The United States is making a hard push for a much larger South Korean share in the cost of stationing American troops here than what Seoul is willing to pay, local government sources said on Sunday, casting doubt over the two sides' impending negotiations over the issue.
The two countries will open a new round of talks on Thursday in Seoul to renew the Special Measure Agreement, under which they will decide how to split the cost of stationing 28,500 U.S. troops in South Korea.
According to the sources, the U.S. is demanding South Korea contribute about 950 billion won ($900 million) under a new agreement, up 9.2 percent from 869.5 billion won that Seoul paid under the previous SMA in 2013.
South Korea believes the figure should be settled around 900 billion won, given that the annual rate of increase under the previous five-year SMA was capped at 4 percent.
Seoul is also concerned that the National Assembly will refuse to ratify the new SMA if South Korea's share exceeded 900 billion won and point out that the size of the American troops and their service conditions haven't changed so dramatically as to warrant a major increase in Seoul's cost.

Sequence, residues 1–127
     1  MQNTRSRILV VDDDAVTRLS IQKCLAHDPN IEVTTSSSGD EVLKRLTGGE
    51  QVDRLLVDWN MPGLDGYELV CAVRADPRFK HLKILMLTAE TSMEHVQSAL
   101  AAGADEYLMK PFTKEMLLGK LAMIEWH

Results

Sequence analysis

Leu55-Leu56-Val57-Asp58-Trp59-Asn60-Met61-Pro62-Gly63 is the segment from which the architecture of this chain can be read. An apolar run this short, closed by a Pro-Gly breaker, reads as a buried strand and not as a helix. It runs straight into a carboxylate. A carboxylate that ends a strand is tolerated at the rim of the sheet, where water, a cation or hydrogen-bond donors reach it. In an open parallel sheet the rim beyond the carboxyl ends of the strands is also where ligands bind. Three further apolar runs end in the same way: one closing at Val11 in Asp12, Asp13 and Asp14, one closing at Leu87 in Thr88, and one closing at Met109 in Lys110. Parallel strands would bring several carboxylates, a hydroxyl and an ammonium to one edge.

When the most recent SMA was reached in 2009, the South Korean share went up by 18.5 billion won from 2008.
Sources here said the U.S. had asked for around 1.1 trillion won from South Korea early in their negotiations and demanded that the figure not fall below 950 billion won, citing mounting security threats from North Korea.
"I don't recall the U.S. being so insistent about monetary figures (in the SMA talks)," a government source said.
The sources predicted a long road ahead in the allies' talks.
"Both South Korea and the U.S. shouldn't just come to the table this time," another source said. "They must put in a lot of thoughts into this in order to reach an agreement."
Thursday's talks will be the 10th round. The previous SMA expired at the end of 2013.
The allies signed their first SMA in 1991, and the deal has been renewed intermittently since. The Seoul-Washington defense treaty, under which the U.S. deploys its soldiers in South Korea to guard against North Korean threats, had initially put the burden of financing U.S. defense activities solely on Washington. (Yonhap News)